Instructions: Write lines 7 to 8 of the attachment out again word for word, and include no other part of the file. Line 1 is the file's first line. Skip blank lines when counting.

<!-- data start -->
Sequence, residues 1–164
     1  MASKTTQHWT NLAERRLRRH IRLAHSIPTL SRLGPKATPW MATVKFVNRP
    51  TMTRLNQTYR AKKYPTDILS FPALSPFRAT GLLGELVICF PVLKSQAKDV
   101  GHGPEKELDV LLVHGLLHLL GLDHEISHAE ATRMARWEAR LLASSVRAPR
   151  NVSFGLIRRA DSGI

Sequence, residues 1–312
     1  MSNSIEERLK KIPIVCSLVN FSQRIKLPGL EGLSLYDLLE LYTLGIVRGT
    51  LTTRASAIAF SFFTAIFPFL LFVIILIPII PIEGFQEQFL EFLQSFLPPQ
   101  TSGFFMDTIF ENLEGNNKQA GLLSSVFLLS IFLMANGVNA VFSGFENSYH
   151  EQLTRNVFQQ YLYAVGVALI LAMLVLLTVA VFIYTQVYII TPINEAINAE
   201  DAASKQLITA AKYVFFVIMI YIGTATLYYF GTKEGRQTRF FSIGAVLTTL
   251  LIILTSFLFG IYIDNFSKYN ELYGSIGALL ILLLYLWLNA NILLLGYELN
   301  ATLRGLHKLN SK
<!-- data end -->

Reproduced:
     1  MSNSIEERLK KIPIVCSLVN FSQRIKLPGL EGLSLYDLLE LYTLGIVRGT
    51  LTTRASAIAF SFFTAIFPFL LFVIILIPII PIEGFQEQFL EFLQSFLPPQ